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WHAT YOU NEED TO KNOW:
A skin-sparing mastectomy (SSM) is surgery to remove breast tissue and leave the skin over the breast. SSM is done to treat breast cancer and keep cancer from spreading. Only the nipple and areola (dark circle around the nipple) are removed. It may also include where you had a biopsy or where there is a tumor close to the skin. SSM is usually done if you plan to have breast reconstruction at the same time. SSM may also be done as a form of prevention if you are at high risk for breast cancer.
HOW TO PREPARE:
The week before your surgery:
- Arrange to have someone drive you home after your surgery. Do not drive yourself home.
- Ask your caregiver if you need to stop using aspirin or any other prescribed or over-the-counter medicine before your procedure or surgery.
- Bring your medicine bottles or a list of your medicines when you see your caregiver. Tell your caregiver if you are allergic to any medicine. Tell your caregiver if you use any herbs, food supplements, or over-the-counter medicine.
- Tell your caregiver if you know or think you might be pregnant.
- You may need to donate blood before your surgery. Your blood is stored in case you need it during or after your surgery.
- You may need to have blood and urine tests, a mammogram, chest x-ray, and other tests. Ask your caregiver for more information about these and other tests that you may need. Write down the date, time, and location of each test.
- Write down the correct date, time, and location of your surgery.
The night before your surgery:
- You may be given medicine to help you sleep.
- Ask caregivers about directions for eating and drinking.
The day of your surgery:
- You or a close family member will be asked to sign a legal document called a consent form. It gives caregivers permission to do the procedure or surgery. It also explains the problems that may happen, and your choices. Make sure all your questions are answered before you sign this form.
- Ask your caregiver before taking any medicine on the day of your procedure. These medicines include insulin, diabetic pills, high blood pressure pills, or heart pills. Bring a list of all the medicines you take, or your pill bottles, with you to the hospital.
- Caregivers may insert an intravenous tube (IV) into your vein. A vein in the arm is usually chosen. Through the IV tube, you may be given liquids and medicine.
- An anesthesiologist will talk to you before your surgery. You may need medicine to keep you asleep or numb an area of your body during surgery. Tell caregivers if you or anyone in your family has had a problem with anesthesia in the past.
WHAT WILL HAPPEN:
What will happen:
- You may be given medicine to help you relax or make you drowsy. You may also get anesthesia medicine to keep you completely asleep during surgery.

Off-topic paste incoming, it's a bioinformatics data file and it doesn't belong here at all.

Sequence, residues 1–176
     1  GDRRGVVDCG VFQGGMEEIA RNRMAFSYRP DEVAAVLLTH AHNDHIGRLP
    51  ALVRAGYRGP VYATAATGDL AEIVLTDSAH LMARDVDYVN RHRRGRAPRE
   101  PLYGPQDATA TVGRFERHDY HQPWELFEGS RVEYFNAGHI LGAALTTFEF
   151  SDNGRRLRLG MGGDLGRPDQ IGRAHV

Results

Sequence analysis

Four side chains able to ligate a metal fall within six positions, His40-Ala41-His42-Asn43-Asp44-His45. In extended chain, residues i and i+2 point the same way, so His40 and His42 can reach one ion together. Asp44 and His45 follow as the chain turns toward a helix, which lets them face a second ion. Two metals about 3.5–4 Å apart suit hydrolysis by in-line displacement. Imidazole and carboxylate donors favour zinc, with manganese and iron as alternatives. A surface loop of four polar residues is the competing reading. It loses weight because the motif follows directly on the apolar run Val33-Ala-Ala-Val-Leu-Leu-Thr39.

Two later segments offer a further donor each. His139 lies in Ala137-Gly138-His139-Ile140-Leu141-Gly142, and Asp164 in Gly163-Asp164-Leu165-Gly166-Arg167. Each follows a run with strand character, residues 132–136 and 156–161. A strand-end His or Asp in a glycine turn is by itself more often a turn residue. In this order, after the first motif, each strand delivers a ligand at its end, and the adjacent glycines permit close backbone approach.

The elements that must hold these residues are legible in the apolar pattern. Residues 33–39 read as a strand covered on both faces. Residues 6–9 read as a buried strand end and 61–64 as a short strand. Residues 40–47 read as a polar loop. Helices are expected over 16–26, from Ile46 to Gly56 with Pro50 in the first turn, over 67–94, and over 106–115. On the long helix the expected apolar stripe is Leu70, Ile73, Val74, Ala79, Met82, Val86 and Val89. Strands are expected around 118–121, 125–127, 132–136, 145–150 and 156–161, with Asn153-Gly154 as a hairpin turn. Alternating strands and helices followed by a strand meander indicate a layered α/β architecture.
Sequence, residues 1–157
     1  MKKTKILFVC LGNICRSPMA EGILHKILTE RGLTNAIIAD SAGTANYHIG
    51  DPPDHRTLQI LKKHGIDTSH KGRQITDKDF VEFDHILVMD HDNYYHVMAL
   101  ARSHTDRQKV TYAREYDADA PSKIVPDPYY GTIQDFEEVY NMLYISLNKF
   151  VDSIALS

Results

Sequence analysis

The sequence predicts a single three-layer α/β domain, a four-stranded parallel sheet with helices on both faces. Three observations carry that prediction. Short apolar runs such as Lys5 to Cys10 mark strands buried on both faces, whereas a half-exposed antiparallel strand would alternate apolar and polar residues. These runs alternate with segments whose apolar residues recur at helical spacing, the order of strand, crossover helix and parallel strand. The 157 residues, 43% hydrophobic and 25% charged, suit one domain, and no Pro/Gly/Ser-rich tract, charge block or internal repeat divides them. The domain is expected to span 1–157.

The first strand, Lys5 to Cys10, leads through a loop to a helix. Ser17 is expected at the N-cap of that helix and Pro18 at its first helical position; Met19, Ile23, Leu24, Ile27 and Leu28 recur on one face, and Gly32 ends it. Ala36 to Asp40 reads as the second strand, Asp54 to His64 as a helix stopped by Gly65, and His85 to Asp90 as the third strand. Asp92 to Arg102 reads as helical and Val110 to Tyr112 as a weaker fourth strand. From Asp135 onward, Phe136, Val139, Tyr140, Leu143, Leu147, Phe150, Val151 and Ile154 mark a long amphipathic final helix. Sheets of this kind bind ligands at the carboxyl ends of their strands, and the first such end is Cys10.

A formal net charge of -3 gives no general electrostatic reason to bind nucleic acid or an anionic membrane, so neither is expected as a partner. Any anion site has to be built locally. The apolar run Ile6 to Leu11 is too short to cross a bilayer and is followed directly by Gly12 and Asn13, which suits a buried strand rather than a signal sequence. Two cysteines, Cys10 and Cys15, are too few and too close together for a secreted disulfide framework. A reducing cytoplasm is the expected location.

- Caregivers will make an incision around your areola. The incision may be larger to include a biopsy scar or the skin over a superficial tumor. The tumor and breast tissue will be removed. The underarm lymph nodes may also be removed through the same incision, or through a second incision under the arm. Caregivers may need to cut more of your skin if you have large breasts. They may then do reconstruction surgery to fill in the empty breast. Thin rubber tubes may be put into your skin to drain blood from your incision. The incisions will then be closed with stitches and covered with bandages.
After your surgery:
You will be taken to a room where you can rest until you are fully awake. Caregivers will monitor you closely. Do not try to get out of bed. When caregivers see that you are okay, you will be taken to your hospital room.
CONTACT YOUR HEALTHCARE PROVIDER IF:
- You cannot make it to your surgery on time.
- You have a fever.
- You have a skin infection or an infected wound near the area where surgery will be done.
- You have questions or concerns about your surgery.
Seek Care Immediately if
- You feel a new lump in your chest or other breast, or under your arm.
- You see or feel other changes in your breast.
- You have discharge coming from your breast.
- You have redness, swelling, or severe pain in the breast.
- You may bleed more than expected, get an infection, or have trouble breathing after surgery. You may get a blood clot in your arm or leg. The clot may travel to your heart or brain and cause life-threatening problems, such as a heart attack or stroke. You may have scars, shoulder stiffness, or swelling around the area where the breast was removed. If SSM is done with breast reconstruction, the breast skin may become folded and deformed. The skin may die and you may need another surgery. The cancer may come back even after successful treatment.
- If left untreated, breast cancer can spread to other parts of your body, such as your liver, lungs, and brain. It may become life-threatening.
Care AgreementYou have the right to help plan your care. Learn about your health condition and how it may be treated. Discuss treatment options with your caregivers to decide what care you want to receive. You always have the right to refuse treatment.
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The above information is an educational aid only. It is not intended as medical advice for individual conditions or treatments. Talk to your doctor, nurse or pharmacist before following any medical regimen to see if it is safe and effective for you.